What is MMR?

The Meet-Me Room (MMR) is the key location in a datacenter, where all the cables and fibres from the data center racks arrive. They are then plugged in and connected to each other to facilitate the exchange of data, creating a complete ecosystem of connectivity. DATA4 points out the importance of MMR, how it works, and why it is useful.

Internet and peering point

There are many carriers networks. Globally, the most well-known are AT&T, Verizon, NTT, China Mobile, Telefonica, Vodafone or Deustche Telecom. But there are many others, which are less well known because they mainly target businesses.

These networks are connected to each other, and are paired, i.e. interconnected, in places called “peering points”.

What if we were to tell you that the Internet does not exist? Or, more precisely, that the “magic” of the Internet operates through the multiplicity of these networks, connected through these peering points?

Network operators agree to exchange their traffic freely for mutual benefit: the Internet.

MMR: the “peering point” of the data center

Each data center contains computer equipment that is linked together, operated by each company. This set of equipment forms a mini computer network, which communicates with the rest of the world if and only if it is connected to the “outside”. What do we mean by “the rest of the world”?

  • the Internet (for web servers);
  • Company offices (for business applications);
  • Cloud networks (if they are not connected “outside”).

Just as operator networks need peering points to operate, computer networks also require a node to connect to each other. This junction point is located in the datacenter and is called an MMR, or “Meet-Me Room”.

Who is connected in an MMR?

An MMR is used to connect:

  • Companies that have deployed their own servers for their own needs;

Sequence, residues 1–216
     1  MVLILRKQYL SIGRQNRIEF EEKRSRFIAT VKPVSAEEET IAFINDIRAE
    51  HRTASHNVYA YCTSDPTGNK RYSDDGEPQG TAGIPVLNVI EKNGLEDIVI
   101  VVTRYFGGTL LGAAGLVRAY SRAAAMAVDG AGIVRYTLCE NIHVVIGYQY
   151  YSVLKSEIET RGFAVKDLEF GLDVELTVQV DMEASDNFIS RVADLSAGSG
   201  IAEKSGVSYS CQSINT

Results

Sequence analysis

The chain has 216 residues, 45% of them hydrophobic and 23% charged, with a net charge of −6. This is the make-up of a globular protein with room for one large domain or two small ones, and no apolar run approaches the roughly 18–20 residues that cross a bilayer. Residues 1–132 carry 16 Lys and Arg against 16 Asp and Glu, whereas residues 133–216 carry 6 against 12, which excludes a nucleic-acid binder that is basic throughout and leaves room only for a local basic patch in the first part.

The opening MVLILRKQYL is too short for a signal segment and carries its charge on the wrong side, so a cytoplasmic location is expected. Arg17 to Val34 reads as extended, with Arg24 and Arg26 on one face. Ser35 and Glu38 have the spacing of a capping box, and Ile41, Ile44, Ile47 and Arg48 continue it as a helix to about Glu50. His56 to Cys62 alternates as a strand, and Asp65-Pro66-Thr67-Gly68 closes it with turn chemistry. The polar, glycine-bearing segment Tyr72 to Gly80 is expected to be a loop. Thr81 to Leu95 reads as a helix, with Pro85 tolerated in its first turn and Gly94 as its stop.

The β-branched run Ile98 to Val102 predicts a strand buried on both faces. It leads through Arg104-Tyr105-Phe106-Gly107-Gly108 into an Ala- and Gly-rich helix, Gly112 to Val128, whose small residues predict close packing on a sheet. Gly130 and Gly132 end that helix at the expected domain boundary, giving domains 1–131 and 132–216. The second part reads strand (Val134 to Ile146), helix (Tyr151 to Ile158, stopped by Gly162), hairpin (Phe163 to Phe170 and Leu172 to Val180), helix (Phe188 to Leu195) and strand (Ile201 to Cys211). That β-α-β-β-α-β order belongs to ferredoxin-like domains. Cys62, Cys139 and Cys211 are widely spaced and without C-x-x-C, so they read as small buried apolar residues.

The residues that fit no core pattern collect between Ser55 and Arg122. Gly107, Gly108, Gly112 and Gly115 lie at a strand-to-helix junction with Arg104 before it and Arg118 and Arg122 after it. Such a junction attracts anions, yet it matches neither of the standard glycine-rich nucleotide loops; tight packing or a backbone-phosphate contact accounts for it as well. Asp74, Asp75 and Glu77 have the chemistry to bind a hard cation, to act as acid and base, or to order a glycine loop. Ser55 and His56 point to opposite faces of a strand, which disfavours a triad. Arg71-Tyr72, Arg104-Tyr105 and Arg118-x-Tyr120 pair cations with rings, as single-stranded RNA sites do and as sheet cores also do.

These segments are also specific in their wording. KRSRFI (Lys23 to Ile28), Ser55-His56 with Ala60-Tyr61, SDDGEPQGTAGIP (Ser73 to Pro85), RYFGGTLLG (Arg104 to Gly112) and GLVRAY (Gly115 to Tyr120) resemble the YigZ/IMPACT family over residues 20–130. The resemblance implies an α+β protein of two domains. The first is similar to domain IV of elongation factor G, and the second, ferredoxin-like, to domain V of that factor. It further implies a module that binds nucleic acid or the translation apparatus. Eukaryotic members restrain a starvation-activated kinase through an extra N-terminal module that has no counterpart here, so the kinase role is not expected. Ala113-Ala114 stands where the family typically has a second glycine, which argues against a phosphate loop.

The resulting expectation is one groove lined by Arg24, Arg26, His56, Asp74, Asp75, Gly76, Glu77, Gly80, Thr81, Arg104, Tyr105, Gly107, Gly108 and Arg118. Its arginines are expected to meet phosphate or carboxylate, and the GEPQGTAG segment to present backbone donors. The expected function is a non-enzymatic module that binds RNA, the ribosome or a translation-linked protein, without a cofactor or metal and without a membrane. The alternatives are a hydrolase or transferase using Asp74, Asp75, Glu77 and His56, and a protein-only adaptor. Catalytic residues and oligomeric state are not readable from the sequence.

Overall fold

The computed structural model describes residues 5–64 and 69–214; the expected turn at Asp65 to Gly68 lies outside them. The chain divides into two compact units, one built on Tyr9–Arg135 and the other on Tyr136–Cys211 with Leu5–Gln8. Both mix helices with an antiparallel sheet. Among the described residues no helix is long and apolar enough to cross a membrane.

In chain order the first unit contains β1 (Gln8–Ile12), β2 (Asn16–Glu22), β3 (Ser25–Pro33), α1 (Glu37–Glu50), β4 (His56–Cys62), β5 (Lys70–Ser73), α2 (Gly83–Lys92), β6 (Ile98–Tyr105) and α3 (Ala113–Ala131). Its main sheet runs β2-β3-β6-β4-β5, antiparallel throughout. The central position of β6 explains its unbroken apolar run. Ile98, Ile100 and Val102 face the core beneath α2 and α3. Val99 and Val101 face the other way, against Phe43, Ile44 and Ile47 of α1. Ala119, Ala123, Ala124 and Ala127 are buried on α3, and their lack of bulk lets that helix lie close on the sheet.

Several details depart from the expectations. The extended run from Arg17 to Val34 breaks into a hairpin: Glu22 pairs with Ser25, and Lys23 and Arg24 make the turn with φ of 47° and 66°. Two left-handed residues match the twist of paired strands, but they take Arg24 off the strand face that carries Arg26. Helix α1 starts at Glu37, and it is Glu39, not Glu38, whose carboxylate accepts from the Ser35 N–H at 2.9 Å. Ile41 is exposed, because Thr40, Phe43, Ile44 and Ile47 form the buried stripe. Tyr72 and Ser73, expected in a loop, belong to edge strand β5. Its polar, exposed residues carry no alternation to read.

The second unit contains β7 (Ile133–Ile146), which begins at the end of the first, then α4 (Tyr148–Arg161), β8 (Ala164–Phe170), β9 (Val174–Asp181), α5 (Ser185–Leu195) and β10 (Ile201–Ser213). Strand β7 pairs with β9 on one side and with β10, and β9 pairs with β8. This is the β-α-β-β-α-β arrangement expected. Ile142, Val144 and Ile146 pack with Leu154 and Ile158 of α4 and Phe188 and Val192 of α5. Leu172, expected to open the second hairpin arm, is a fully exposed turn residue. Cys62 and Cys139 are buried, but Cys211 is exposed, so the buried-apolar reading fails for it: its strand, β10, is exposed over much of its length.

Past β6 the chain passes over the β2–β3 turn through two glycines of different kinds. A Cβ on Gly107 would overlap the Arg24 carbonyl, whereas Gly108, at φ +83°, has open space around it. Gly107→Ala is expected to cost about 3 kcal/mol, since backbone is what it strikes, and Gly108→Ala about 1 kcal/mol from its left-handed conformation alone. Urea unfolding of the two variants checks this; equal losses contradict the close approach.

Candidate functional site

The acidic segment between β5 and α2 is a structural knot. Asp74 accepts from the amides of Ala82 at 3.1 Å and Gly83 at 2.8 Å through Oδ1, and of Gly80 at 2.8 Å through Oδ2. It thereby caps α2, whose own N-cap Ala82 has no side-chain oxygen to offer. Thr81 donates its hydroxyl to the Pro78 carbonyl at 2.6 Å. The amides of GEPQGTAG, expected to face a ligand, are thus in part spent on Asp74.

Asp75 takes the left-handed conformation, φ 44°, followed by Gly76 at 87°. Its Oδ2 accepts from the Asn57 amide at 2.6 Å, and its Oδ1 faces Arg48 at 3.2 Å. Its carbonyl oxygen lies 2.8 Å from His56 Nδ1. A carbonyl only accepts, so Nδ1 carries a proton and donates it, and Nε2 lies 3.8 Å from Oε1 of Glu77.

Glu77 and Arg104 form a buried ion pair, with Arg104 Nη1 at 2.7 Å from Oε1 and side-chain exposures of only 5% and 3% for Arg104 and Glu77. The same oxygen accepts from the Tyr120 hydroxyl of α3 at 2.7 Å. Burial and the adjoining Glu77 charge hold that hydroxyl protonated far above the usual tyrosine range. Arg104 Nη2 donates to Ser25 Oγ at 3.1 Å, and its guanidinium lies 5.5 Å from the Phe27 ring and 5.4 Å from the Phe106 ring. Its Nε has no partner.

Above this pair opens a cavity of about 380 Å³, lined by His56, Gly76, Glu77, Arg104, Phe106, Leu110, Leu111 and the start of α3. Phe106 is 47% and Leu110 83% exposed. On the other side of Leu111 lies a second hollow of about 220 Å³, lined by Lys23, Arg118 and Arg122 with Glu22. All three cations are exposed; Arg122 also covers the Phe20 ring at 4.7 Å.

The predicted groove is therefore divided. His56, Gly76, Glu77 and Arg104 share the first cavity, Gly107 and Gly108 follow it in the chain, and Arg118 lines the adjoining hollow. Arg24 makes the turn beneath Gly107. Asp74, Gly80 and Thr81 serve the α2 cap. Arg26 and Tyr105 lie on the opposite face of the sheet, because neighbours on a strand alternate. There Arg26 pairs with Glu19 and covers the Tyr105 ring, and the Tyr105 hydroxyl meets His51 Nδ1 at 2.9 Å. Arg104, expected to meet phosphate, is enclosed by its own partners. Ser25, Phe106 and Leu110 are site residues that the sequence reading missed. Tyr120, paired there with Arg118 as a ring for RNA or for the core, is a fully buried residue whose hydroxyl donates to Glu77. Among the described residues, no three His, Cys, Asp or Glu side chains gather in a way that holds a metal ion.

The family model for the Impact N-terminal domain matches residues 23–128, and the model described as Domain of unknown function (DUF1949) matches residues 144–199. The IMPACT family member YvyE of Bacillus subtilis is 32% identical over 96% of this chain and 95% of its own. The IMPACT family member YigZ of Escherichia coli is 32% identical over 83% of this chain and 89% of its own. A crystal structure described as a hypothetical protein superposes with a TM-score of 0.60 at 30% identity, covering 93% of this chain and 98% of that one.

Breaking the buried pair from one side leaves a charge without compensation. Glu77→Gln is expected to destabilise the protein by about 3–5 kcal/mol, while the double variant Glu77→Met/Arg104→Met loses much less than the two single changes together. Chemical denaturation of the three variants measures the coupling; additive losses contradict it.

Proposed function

• Public or private Cloud providers who have deployed their own servers to host their customers’ applications;
  • Operators that connect companies with Cloud providers;
  • Access operators – who connect the data center directly to corporate offices through a Virtual Private Network (VPN);
  • Transit operators – who connect the data center to the peering points, in order to connect it to the Internet. Through the connections to these peering points, companies make their web pages and applications accessible to any user with Internet access, whether they are local or on another continent, if required.

In practical terms: what is an MMR?

Now that we understand the operating principle behind the MMR and its purpose, all that’s left to be clarified is what it really looks like. Physically, an MMR is a computer room, like many other rooms in a datacenter. It is made up of computer racks containing patch panels, like dominoes, where two of the above-mentioned entities are connected.

The MMR is therefore a computer room that all the network connections must pass through to leave the data center, or to transit from one company to another within the infrastructure.

The MMR: a secure and redundant space

MMR is therefore an extremely important space, since all traffic flows pass through it. Given the stakes involved, access to the MMR is exclusively reserved for the datacenter operator. The operator is entirely responsible for the facility and ensures the continuity of the interconnection service. No customer has access to the MMR, and each connection request is carried out by the operator itself, who then interconnects the two entities – most often a company and an operator – or the data center’s operator, who is responsible for transmitting to the chosen traffic operator.

Since the risk is never zero, the MMR is a room that is often, if not always, redundant (or duplicated) in a datacenter.


MMRs are a real asset for data centers, as they enable all the customers within a data center to be connected simply, quickly and securely.

DATA4 has the particularity of designing Campuses, i.e. areas where several data centers are built. This solution makes it possible for us to offer a modular, scalable, customisable environment and a wide variety of connectivity services.

To offer this flexibility and security on a Campus scale, DATA4 has developed POP Rooms, which provide the same benefits within the Campus.

These redundant POP Rooms allow all the datacenters and their customers to be connected to each other through their redundant MMRs.

The MMR is therefore an indispensable interconnection point that all the data sent to the outside world must flow through. DATA4 makes every effort to provide its customers with high-performance and flexible MMRs that can be adapted to your needs.